Date of Graduation
Statler College of Engineering and Mineral Resources
Lane Department of Computer Science and Electrical Engineering
Daryl S Reynolds
Vinod K Kulathumani
Matthew C Valenti
As the technology in the elds of aerospace and the US power generation industry advances, there is a critical need for new extreme high temperature sensing / monitoring technologies to replace the current out-of-date sensing systems. As the operating temperatures of these jet and turbine engines continue to rise over 1000 C, it is vitally important to monitor the extreme high temperatures in these engines for system health monitoring and to achieve greater engine eciencies. We propose a new passive wireless temperature sensor capable of sensing these extreme high temperatures. The sensor uses an LC resonance circuit to measure the temperature through passive wireless communications. A new novel method of capturing large quantities of frequency information from the sensor is proposed and allows for advanced signal processing methods form other applications areas like wireless communi- cations, radar, and radio astronomy to be implemented. The passive wireless LC resonance high temperature sensor was successfully able to sense temperatures up to 700 C.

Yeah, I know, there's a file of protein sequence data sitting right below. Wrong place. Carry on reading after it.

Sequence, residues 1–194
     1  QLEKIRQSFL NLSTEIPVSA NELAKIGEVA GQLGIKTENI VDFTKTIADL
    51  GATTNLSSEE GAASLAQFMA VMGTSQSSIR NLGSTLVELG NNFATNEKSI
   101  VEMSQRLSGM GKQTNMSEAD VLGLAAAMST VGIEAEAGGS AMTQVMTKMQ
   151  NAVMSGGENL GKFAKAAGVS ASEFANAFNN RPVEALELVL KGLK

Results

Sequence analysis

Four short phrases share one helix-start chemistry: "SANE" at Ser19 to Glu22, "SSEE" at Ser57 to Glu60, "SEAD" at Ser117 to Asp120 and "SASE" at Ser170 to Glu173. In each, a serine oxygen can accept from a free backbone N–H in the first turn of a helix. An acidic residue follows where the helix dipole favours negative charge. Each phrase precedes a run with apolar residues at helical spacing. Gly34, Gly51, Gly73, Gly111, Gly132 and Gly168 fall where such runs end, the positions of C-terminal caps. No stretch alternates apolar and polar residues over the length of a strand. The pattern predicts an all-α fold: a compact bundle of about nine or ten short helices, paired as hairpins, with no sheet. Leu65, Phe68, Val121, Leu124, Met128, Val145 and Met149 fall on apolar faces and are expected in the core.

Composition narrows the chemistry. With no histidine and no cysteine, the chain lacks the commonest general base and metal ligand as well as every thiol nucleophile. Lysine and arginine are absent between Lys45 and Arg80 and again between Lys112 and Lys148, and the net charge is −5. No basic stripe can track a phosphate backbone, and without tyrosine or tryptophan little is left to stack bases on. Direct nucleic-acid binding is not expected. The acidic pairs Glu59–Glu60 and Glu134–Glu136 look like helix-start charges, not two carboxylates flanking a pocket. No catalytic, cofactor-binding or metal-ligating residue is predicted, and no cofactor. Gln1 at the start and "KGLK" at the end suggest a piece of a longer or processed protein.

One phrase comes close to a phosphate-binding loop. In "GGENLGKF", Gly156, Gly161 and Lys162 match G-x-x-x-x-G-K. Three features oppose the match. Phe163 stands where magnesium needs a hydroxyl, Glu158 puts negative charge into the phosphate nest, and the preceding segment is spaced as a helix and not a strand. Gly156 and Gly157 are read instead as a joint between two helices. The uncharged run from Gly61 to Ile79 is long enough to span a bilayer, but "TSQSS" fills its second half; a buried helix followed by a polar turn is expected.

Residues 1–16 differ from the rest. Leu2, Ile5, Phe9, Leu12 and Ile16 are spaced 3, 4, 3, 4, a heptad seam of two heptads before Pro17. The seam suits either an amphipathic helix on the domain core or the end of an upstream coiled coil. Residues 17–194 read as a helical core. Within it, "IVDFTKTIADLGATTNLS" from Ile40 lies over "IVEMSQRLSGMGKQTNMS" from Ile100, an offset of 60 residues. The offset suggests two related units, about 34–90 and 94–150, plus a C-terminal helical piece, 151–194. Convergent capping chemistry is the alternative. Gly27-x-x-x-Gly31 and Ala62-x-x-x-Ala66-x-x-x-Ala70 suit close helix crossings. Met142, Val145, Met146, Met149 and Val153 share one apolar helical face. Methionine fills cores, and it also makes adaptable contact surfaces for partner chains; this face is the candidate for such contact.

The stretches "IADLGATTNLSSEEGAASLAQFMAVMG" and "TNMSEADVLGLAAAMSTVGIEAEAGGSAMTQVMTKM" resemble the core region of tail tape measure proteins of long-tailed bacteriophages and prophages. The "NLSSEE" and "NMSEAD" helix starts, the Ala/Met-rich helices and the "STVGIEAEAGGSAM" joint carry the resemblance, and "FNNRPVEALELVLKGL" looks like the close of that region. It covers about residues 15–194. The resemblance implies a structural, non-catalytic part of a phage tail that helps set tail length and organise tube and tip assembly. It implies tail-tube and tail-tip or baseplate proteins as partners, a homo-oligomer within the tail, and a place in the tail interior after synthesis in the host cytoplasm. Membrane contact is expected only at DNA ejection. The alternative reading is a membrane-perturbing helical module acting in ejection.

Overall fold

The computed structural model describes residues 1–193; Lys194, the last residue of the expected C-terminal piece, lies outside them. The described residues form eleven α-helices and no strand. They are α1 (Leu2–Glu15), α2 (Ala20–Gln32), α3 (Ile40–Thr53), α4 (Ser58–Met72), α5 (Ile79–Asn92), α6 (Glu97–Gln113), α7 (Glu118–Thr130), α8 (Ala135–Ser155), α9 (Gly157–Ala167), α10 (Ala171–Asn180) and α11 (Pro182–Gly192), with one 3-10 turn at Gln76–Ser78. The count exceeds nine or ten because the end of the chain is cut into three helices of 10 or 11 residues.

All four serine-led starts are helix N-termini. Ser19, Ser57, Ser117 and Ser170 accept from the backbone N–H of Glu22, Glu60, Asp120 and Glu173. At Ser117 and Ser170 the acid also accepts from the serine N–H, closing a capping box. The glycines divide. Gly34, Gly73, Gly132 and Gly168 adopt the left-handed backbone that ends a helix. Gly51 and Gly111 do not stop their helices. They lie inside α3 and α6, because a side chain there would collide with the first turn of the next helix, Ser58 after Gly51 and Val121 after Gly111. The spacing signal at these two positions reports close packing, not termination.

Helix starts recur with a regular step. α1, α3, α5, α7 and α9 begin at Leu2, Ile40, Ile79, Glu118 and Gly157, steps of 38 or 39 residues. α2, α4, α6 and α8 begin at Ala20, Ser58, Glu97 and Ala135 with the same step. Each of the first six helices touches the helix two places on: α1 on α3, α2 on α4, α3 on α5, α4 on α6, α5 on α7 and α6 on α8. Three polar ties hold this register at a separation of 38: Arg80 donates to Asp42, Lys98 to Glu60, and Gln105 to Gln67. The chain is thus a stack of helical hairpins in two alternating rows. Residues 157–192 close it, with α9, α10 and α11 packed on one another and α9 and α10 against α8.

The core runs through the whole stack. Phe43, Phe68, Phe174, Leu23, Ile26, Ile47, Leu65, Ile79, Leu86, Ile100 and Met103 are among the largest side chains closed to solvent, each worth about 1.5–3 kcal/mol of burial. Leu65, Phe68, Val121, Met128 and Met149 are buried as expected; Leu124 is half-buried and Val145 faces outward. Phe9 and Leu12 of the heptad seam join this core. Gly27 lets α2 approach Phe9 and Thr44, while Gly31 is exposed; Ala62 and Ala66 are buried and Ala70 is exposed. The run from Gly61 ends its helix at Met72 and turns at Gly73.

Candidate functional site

Comparetto, Michael R., "Passive Wireless Temperature Sensing in Extreme Harsh Environments" (2018). Graduate Theses, Dissertations, and Problem Reports. 5383.